Gangs of New York Database
The NYPD maintains a database of New Yorkers who are likely members of gangs or street crews, updating it regularly and removing names of those no longer appearing to have such involvement. Advocates for criminal justice reform and elected officials question the need for the system, suggesting that it is racially biased and an abuse of police power. But when gangs commit so much of the city’s crime, maintaining the database makes obvious good sense.
The Facts You Need to Know
Gangs: At least 25%, and perhaps as much as 50%, of New York City’s murders are gang-related. Read more.
Lists: Predictive policing, including tools such as the gang database, is in large part responsible for the decline of crime in New York City over the past quarter-century. Read more.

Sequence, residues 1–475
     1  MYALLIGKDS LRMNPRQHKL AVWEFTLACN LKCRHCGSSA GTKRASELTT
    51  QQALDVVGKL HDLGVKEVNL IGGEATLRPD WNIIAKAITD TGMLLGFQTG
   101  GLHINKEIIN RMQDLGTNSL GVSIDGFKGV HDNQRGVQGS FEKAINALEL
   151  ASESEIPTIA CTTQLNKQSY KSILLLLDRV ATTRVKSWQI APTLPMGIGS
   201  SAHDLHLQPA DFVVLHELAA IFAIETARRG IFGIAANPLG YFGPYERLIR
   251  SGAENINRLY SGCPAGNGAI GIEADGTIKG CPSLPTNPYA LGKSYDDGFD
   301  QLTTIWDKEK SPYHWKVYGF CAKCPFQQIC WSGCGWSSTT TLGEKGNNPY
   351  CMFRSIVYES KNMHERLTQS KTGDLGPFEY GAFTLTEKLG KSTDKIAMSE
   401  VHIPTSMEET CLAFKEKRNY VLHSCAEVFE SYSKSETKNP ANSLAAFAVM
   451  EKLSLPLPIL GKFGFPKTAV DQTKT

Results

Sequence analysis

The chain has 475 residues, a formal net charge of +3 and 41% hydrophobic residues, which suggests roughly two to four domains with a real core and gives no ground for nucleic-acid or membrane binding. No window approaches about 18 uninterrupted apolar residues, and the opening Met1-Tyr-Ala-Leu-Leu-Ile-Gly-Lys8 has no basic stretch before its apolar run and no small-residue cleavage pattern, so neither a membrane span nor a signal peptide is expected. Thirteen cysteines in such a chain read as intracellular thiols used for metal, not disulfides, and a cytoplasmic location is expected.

People: The racial makeup of the gang database almost precisely matches the demographics of people involved in shootings in New York. Read more.
“Collecting data on members of criminal organizations is nothing new.”
Happy to see that a degree of sanity still exists at @NYDailyNews—if not on the news pages than in editorials—in understanding how important the database has been to reducing gang crime. I hope it’s contagious & the cop haters on the City Council catch it. https://t.co/fXvZeXLolw— Bill Bratton (@CommissBratton) June 15, 2018
The Past is Present
“The praise for New York’s crime drop during the Dinkins administration belongs to Metropolitan Transportation Authority chief Robert Kiley’s inspired choice of Boston cop William Bratton to head New York’s transit police in 1990. ”
And in other news...
“In addition to NYCHA, [City Comptroller Scott] Stringer said he would investigate the Mayor’s Office, and the city Departments of Health and of Housing Preservation and Development.”